One of the mysteries of the English language finally explained.
A herbaceous plant of the daisy family, with broad leaves and burred fruits. It originated in tropical America but is now cosmopolitan.See also clotbur
- ‘It is a native insect which feeds on wild hosts including cocklebur, sunflowers, and common and giant ragweed, as well as soybeans.’
- ‘I spent whole summers with a group of guys, chopping cockleburs and button weeds in the cornfields and talking the way teenage boys talk when they're off by themselves.’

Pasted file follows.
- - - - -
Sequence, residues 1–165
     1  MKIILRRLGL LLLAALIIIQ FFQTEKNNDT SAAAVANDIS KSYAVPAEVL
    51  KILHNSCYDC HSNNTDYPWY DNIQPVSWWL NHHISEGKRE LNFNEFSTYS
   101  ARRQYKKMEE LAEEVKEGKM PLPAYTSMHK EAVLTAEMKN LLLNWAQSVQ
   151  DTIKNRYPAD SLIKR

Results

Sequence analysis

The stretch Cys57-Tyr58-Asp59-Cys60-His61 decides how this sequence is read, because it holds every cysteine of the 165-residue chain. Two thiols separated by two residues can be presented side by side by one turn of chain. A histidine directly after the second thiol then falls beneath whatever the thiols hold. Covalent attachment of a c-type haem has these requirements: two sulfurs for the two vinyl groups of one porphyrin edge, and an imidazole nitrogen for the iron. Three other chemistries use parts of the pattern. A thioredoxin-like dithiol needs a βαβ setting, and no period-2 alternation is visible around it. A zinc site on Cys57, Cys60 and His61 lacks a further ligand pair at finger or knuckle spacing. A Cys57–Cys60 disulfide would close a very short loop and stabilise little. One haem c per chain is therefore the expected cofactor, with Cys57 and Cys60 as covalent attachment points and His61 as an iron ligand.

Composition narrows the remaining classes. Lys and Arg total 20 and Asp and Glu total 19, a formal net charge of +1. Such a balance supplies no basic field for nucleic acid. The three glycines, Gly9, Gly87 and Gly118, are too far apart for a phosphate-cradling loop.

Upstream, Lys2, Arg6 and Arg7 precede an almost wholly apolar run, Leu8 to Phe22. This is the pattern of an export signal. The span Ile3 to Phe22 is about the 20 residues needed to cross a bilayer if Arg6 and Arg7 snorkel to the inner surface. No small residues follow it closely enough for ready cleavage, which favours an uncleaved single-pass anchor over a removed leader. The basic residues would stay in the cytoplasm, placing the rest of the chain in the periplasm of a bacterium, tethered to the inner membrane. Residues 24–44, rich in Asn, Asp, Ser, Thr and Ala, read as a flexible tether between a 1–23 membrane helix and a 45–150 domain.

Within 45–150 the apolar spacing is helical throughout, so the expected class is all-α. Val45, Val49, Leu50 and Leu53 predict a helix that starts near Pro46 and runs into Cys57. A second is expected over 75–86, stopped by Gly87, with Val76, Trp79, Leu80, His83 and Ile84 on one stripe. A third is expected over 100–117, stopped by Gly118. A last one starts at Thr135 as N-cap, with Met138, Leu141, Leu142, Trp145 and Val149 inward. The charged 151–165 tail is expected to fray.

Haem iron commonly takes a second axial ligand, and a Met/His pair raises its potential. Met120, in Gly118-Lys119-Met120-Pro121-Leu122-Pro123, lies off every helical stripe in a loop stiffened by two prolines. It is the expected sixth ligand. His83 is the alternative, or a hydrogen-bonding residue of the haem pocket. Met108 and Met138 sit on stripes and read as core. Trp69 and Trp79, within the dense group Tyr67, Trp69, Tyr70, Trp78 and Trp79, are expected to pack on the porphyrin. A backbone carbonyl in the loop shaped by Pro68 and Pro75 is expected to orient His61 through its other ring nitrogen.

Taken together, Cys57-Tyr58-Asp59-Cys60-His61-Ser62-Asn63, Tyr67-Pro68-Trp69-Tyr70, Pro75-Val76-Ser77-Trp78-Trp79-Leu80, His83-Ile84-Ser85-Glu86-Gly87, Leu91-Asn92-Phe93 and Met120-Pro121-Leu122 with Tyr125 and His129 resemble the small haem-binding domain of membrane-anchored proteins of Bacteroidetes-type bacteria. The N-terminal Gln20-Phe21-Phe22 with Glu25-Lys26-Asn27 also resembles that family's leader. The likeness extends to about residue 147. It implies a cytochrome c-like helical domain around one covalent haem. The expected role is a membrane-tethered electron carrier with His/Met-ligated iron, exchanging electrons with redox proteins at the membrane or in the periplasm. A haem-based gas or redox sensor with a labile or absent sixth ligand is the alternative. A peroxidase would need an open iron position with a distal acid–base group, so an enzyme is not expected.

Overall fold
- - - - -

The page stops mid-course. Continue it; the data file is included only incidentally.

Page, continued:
- ‘Both cocklebur and magnolia blossoms must either be harvested and dried for future use or they may be purchased from Chinese pharmacies.’
- ‘The sting nematode has a wide host range that includes corn, soybean, and numerous weeds, such as morning glory, crabgrass, and cocklebur.’
- ‘In addition to corn it may feed on weeds, including cocklebur.’
Mid 19th century: from cockle + burr.
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